From Queen Victoria opening the 1851 London exhibition (top left) to Seville 1992 (bottom right), Arab nations have participated since the earliest expos. (AFP/Public Domain)

Omitting anything related to commerce, industry or agriculture, Morocco and Tunisia’s neighboring pavilions were ornate tents, displaying a genteel, regal way of life. The tents featured soft couches, thick carpets, and a white marble fountain, with colorful inlaid Moroccan tiles.

Levantine countries made their expo debuts in the early to mid-20th century. At the 1939 New York World’s Fair, Lebanon made its first appearance independent from France.

Al-Hoda, the leading Lebanese newspaper in the US, ascribed great significance to Lebanon’s participation in the fair, saying it put Lebanon “among the free and independent nations of the world for the first time in modern history.”

Cedar branches were brought into the pavilion, filling it with the fragrance of Lebanon. Some Lebanese Americans were so overcome with emotion they kneeled to kiss the branches, tears running down their faces.

The six-month Dubai Expo world fair is a milestone for the emirate, which has invested $8.2 billion on the event. (AFP/File Photo)

Four months into the fair, however, the Second World War broke out, and the event’s initial theme, “The World of Tomorrow,” was changed to “For Peace and Freedom.”

Expo ’58 took place in Brussels at the start of a historic era of peace and prosperity in Western Europe. Organizers were resolutely focused on telling a story of progress, both past and future.

That year, five Arab states — Saudi Arabia, Egypt, Jordan, Syria, and Iraq — occupied one pavilion. At its center was a ceramic mural depicting the Arab world as “the cradle of civilization.” The pavilion’s theme was focused on the rising standard of living in the Arab world.

The 1967 Montreal Expo was the centerpiece of Canada’s centennial celebrations. It was originally intended to be held in Moscow to mark the 50th anniversary of the Russian Revolution, but owing to high costs and other issues, the USSR cancelled the event and Canada was awarded the expo instead in late 1962.

People walk towards the Sustainability Pavilion, a week ahead of its public opening, at the Dubai Expo 2020 in Dubai on January 16, 2021. (AFP/File Photo)

Despite this late change of venue, the 1967 event became one of the most successful to date, with more than 50 million visitors — more than twice the population of Canada at the time — and a record 62 participating countries.

In Montreal, as part of the Arab pavilions complex, Kuwait and Algeria both participated for the first time. Algeria’s pavilion was a serene, simple design of marble and tile. It focused on Algerian history and culture, with films about its history and development of agriculture, technology, and art.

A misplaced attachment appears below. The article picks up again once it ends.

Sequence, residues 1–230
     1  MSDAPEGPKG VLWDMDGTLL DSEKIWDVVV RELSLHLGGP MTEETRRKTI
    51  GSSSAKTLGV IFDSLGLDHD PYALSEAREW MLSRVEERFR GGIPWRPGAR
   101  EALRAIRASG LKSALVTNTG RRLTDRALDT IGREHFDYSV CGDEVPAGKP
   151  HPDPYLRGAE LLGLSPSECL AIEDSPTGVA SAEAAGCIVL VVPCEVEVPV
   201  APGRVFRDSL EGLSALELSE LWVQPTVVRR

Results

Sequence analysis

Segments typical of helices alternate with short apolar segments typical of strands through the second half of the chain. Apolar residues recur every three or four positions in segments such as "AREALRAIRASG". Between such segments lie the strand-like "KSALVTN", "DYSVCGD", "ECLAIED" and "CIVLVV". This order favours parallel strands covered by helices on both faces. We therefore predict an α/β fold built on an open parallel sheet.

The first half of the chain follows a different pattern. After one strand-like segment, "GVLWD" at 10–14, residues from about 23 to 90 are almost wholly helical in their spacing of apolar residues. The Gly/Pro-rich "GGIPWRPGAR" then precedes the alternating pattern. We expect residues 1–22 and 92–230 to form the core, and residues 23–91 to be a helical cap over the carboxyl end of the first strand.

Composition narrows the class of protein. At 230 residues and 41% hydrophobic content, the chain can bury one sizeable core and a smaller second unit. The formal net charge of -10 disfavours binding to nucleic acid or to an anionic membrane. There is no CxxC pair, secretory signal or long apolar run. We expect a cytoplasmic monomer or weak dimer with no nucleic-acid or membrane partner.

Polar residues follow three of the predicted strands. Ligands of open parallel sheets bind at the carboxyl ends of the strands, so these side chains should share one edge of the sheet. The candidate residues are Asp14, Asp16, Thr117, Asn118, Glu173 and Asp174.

Kuwait’s pavilion illustrated the nation’s relationship with oil and featured a model desalination plant. However, owing to rising tensions in the Arab region, the pavilion was closed just one month into the six-month expo.

Dubai’s forthcoming Expo Live program is taking a grassroots approach, funding more than 140 global innovators tackling world problems. (AFP/File Photo)

Most GCC nations first participated in a World Expo in 1970 or later. In its inaugural World Expo at Osaka in 1970, Abu Dhabi — which became the capital of the UAE within a year — created a replica Arabian fort. The structure was designed by an Egyptian city planner, Abdulrahman Makhlouf, who also worked on the city plan for Abu Dhabi.

The pavilion featured two minarets, one cylindrical and the other square. It was not elaborate. Aramco World reported Abu Dhabi’s contribution was, “simple … a memorable display … a symbol of the bright future awaiting Islam and the Arab world.”

At the 1992 Seville Expo in Spain, Oman made its first World Expo appearance. The Sultanate set a traditional tone with a large, heavy cedar door, steeped in the scent of frankincense. The pavilion focused on Oman’s history as a seafaring nation (and its most famous sailor, Sinbad), and highlighted traditional industries such as woodcraft and pottery.

A renaissance dome told visitors the story of how Oman had evolved from an ancient sultanate into a modern one.

Sheikh Mohammed bin Rashid Al Maktoum, Vice President and Prime Minister of UAE and Ruler of Dubai has promised that Expo 2020 Dubai will be the best World Expo ever. (AFP/File Photo)

The 2010 event in Shanghai breathed new life into the institution of World Expos. The Chinese government’s support for the Shanghai Expo netted a staggering 73 million visitors. Arab pavilions, including those of Saudi Arabia and the UAE, were among the most popular, with long lines of visitors snaking around them.

Shanghai 2010 was Bahrain’s inaugural World Expo. Its pavilion was compact and took visitors on a journey from the past to the present and into the future, with a focus on Bahraini craftsmanship. As with many national pavilions at the event, Bahrain showcased an interactive story through touchscreen technology.

After delays brought on by the COVID-19 pandemic, the first World Expo to be hosted in the Middle East opens in Dubai in October, with tickets now on sale.

Expo Dubai 2020 promises to celebrate humanity’s successes, relish its present and set a course for its future. One thing is certain — the next chapter in the story of World Expos will mark a historic moment for the Arab world.